Sennheiser HD 660 S Dynamic Headphones

Way back in 2003 (Way back considering the timeline of headphones) I first heard a pair of Sennheiser HD650’s. They were the new flagship cans from Germany and they redefined for me what quality personal audio sound was all about. Over the years I have used them with many amplifiers; Solid State, Tube, and Hybrid all sounded terrific with these amazing headphones. A few years later the HD800’s arrived, and they were a big leap forward in sound stage and detail, however, while I enjoyed my new reference HD800’s I still came back and listened to the HD650’s. Now, augmented with the Toxic Cables Silver Poison cables, they had become a favorite old pair of shoes; always comfortable.

Today we have the Sennheiser HD 660 S headphones and their goal is to move the vaunted HD 6xx line forward. Coming in at the same retail price as the HD 650 of $499 USD, the HD660’s have a lower impedance at 150 Ohms vs the HD650’s 300 Ohms, making them more portable audio friendly. Connectivity is enhanced too by the choice of cables and adapters provided in the package. The standard ¼” TRS jack is on the primary cable. A 1/4” to 1/8” adapter is provided to connect to a DAP stereo plug and there is another full cable terminating in a four-ring balanced connector (a 4.4mm Pentaconn TRRRS balanced plug) for higher end DAP’s and Portable amplifiers that offer balanced output. The headphone connection on the cable is the same as the HD650’s making cable updates easy. One nit to pick is for a headphone touted as more portable friendly, both cables are 10 feet long. It would have been nice to offer say a 4 ft (1.2M) option while out and about.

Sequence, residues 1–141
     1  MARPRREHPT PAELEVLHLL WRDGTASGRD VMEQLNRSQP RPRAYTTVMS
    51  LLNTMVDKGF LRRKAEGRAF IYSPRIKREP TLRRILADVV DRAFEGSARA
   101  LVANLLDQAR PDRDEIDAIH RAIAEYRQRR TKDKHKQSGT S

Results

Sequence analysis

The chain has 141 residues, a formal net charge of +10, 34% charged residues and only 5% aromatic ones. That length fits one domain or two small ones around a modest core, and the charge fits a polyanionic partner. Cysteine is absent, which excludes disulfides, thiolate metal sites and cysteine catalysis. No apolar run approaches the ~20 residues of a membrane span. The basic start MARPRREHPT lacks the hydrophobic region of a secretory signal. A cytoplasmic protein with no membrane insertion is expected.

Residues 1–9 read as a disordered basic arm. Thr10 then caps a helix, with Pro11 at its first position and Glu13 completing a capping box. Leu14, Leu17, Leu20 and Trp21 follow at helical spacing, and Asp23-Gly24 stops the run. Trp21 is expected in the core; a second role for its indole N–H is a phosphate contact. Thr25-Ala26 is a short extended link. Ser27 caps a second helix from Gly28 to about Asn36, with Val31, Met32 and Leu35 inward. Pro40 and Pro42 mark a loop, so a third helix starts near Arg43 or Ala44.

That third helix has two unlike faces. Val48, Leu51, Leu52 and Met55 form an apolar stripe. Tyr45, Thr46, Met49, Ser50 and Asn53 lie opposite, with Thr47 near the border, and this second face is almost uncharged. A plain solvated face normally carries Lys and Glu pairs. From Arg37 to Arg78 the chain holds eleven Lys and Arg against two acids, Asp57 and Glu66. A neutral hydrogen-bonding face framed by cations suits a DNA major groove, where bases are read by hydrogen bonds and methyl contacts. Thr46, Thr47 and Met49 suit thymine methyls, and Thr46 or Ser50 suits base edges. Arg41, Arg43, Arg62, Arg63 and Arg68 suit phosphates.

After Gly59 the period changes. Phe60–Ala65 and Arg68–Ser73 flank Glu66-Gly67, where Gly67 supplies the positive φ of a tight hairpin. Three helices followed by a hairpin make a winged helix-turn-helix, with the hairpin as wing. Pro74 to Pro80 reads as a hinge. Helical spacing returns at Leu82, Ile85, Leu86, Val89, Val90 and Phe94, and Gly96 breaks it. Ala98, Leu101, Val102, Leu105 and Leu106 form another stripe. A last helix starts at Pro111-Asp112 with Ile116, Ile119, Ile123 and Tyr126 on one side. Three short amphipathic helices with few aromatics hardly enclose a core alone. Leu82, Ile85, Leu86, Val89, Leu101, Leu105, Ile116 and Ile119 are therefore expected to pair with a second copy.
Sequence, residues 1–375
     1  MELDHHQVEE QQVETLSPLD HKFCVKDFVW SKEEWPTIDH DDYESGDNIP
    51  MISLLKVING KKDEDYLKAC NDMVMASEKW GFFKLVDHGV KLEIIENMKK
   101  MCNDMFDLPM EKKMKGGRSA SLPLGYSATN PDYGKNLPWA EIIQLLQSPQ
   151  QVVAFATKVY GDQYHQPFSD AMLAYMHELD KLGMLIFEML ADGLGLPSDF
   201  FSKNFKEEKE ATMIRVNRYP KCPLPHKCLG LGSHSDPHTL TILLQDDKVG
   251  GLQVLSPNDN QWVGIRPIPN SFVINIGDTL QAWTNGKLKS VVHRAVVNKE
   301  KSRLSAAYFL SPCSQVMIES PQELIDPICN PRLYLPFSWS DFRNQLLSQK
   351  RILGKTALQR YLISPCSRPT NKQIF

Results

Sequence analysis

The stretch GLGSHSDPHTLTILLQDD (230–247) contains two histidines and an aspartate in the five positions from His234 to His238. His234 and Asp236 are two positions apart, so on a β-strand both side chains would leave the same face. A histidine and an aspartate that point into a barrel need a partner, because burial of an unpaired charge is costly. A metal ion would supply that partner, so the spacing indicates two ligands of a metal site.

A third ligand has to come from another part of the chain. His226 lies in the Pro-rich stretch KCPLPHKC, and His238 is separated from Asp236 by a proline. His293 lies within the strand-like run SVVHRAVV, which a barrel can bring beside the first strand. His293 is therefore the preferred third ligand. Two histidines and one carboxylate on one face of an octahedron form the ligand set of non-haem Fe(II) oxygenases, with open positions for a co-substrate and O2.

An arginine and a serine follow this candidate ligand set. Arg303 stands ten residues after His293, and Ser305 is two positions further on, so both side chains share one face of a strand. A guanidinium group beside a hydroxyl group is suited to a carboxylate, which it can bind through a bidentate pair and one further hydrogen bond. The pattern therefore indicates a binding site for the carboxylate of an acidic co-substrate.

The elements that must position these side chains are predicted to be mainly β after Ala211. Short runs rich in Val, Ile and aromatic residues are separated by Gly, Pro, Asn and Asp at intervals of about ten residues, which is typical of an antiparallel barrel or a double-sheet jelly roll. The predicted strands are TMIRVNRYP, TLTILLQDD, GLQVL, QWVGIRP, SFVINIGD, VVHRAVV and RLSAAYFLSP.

The driver has been updated to a new stainless-steel fabric that is touted to improve the speed and transparency of the music. It is apparently based on the HD700’s driver re-engineered to fit into the HD 6xx form. A new striking matte black and anthracite color give them an updated and modern look. One thing that has not changed much is the very comfortable ear pads and headphone padding. I appreciate the fact that all pads are replaceable should they wear over time. I have always enjoyed my long listening sessions with the HD650’s and the HD660 S’s goal is to continue that tradition.